BRUSSELS (03/24/2000) - Allegations that the U.S.-backed Echelon satellite information system is stealing European industrial secrets are expected to lead next week to the creation of a special committee of inquiry by the European Parliament (EP), Per Haugaard, spokesman for Information Society Commissioner Erkki Liikanen, told IDG News Service today.
The decision is expected to be taken during a plenary session of the EP in Brussels on March 30 when both the European Commission and representatives from the governments of the 15 member states will make their views on Echelon known.
Echelon is a network of supercomputers and satellites run by the U.S. National Security Agency (NSA) located in the U.S., the U.K. and other English-speaking countries. Echelon, set up as a means to fight terrorism, money laundering and drug trafficking, is capable of eavesdropping on all forms of electronic communications. The U.S. and the U.K. governments deny the allegations.
Earlier this month on March 7 in Washington D.C., James Woolsey, former chief of the CIA, told a press conference that Echelon had listened in on certain companies but only to determine the extent of the bribery involved in certain transactions. He added however that most European technology "just isn't worth our stealing," according to numerous reports on the press conference.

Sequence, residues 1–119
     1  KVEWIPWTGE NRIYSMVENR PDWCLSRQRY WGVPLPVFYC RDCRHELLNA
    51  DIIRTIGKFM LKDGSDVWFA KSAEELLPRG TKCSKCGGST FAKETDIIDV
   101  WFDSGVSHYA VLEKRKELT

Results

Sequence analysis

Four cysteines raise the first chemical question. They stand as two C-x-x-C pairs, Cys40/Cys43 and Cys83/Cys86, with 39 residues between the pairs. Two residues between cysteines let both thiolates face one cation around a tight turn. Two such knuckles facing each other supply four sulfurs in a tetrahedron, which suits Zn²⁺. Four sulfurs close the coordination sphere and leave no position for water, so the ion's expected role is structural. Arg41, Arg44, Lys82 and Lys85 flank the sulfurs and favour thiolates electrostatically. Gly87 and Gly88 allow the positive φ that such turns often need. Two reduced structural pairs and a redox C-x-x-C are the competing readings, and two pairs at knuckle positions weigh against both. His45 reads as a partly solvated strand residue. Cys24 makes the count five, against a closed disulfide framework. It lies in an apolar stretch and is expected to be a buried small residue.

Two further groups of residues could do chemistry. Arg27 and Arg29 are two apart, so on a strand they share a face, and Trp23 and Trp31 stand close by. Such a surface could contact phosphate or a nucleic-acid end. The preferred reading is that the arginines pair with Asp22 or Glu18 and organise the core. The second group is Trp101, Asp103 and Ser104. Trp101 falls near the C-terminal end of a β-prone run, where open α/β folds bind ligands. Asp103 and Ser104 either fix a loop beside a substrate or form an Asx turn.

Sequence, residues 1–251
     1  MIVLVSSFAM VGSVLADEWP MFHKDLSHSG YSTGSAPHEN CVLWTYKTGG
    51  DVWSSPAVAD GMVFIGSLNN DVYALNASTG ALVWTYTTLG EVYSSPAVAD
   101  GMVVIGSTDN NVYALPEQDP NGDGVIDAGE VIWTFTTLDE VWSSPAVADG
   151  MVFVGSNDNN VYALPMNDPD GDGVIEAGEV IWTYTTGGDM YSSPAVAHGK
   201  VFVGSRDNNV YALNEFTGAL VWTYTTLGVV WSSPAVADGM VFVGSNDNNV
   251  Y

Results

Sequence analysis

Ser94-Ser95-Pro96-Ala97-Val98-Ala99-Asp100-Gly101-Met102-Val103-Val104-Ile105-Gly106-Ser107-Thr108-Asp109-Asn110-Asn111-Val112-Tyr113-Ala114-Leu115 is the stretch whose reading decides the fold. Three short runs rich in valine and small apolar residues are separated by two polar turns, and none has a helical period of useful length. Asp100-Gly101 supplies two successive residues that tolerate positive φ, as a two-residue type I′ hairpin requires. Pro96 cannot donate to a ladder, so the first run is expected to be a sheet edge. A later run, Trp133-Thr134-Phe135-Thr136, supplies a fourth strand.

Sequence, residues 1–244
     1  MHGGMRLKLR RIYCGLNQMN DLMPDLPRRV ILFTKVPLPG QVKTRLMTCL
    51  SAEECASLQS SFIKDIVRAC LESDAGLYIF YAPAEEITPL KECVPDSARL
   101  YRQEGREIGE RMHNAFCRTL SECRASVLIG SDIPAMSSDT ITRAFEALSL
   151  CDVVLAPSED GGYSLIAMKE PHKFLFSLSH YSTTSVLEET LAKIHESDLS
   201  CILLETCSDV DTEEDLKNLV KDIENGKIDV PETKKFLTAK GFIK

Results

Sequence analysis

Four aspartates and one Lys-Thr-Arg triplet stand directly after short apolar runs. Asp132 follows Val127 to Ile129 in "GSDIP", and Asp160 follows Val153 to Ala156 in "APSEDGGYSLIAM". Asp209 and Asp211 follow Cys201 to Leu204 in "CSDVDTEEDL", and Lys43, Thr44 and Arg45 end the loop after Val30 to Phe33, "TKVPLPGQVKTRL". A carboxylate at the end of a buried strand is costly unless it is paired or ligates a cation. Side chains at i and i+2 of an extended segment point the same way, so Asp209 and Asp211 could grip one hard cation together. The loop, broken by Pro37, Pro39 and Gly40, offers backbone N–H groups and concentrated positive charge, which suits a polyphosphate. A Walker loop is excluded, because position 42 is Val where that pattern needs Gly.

The EP's concerns are based on a research report carried out by Duncan Campbell, an investigative journalist, at the request of the Parliament.
During an initial hearing in February, Campbell told the EP's Committee on Citizens' Freedoms and Rights that "it has been established beyond any doubt," that the system is used for industrial espionage, according to published reports of the hearing. Campbell says that every half hour, one million messages are intercepted and filtered by Echelon, and that this represents the "last gray area where the State acts beyond the control of the law."